Saturday, January 14, 2012

Balance in residency (training after medical school) leads to bettter balance in life

"In the old days, anyone who wanted to go into medicine had to be prepared for a life of exhaustion. Before laws and regulations prohibited being on call every other night, we were rapidly conditioned to accept the idea that the life of a doctor was not only one of service, but a kind of servitude. In the first year of residency, the fledging doctor learns never to leave work for anyone else at the end of the day." Dr. James Gordon

"The biggest changes have been driven by the new rules on resident work hours and their rigid enforcement. Every resident now has an invisible but heavy stopwatch sitting on their shoulder, ticking loudly, constantly reminding them that their task list still has many unchecked items as time slips away (so it's often necessary to now sign out work to an on-call colleague)." Dr. Michael B. Edmond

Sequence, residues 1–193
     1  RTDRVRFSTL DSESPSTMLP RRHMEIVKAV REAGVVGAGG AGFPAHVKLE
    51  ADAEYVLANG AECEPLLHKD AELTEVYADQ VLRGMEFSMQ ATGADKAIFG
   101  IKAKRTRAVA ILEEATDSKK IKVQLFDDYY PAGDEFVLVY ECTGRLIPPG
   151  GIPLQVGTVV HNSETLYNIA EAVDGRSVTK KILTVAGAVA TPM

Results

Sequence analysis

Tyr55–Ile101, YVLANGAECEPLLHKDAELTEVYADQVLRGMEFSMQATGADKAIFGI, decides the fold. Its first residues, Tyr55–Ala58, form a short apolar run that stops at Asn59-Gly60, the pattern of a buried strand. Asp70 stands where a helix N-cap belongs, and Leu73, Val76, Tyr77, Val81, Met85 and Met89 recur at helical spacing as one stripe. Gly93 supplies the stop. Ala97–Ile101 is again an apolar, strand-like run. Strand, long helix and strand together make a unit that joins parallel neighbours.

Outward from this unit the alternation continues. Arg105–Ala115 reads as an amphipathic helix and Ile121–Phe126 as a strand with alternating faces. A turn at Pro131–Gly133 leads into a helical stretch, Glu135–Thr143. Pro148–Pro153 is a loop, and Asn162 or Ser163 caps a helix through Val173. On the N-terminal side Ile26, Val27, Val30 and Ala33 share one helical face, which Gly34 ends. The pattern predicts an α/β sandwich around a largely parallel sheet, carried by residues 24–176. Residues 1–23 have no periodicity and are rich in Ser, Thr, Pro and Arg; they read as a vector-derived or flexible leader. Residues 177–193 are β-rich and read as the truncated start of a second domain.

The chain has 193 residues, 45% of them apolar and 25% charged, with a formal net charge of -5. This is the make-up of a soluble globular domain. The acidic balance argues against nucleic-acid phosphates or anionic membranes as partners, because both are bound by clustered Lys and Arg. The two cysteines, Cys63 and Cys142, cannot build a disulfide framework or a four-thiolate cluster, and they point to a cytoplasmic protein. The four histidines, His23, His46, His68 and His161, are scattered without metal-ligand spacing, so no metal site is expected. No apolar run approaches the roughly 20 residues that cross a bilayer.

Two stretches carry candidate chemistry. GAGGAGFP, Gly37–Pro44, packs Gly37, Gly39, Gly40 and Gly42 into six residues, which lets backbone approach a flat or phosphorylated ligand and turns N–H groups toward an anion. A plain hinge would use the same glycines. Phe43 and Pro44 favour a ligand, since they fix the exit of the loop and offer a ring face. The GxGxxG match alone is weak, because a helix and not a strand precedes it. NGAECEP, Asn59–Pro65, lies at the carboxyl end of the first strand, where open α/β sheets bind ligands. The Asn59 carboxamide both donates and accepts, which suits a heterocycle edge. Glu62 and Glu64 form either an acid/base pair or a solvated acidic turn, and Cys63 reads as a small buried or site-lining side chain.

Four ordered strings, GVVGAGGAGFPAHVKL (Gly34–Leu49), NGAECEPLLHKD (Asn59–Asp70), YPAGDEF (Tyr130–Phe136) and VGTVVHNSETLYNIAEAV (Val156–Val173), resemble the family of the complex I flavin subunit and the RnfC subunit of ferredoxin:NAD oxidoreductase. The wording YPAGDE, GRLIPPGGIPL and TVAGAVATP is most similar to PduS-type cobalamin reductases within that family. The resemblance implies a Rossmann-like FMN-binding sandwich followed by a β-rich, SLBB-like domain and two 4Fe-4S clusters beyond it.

"There are advantages to this new paradigm. It reduces the House of God attitudes I saw in medical school and that will benefit patients. It will also benefit physicians as we balance our professional and personal lives. Personally, I'm comfortable being cared for by a doctor from the older generation, whose commitment was evident in his long hours, as long as those excessive hours haven't spawned burnout, substance abuse, or divorce-all of which could negatively impact my care." Dr. Powell

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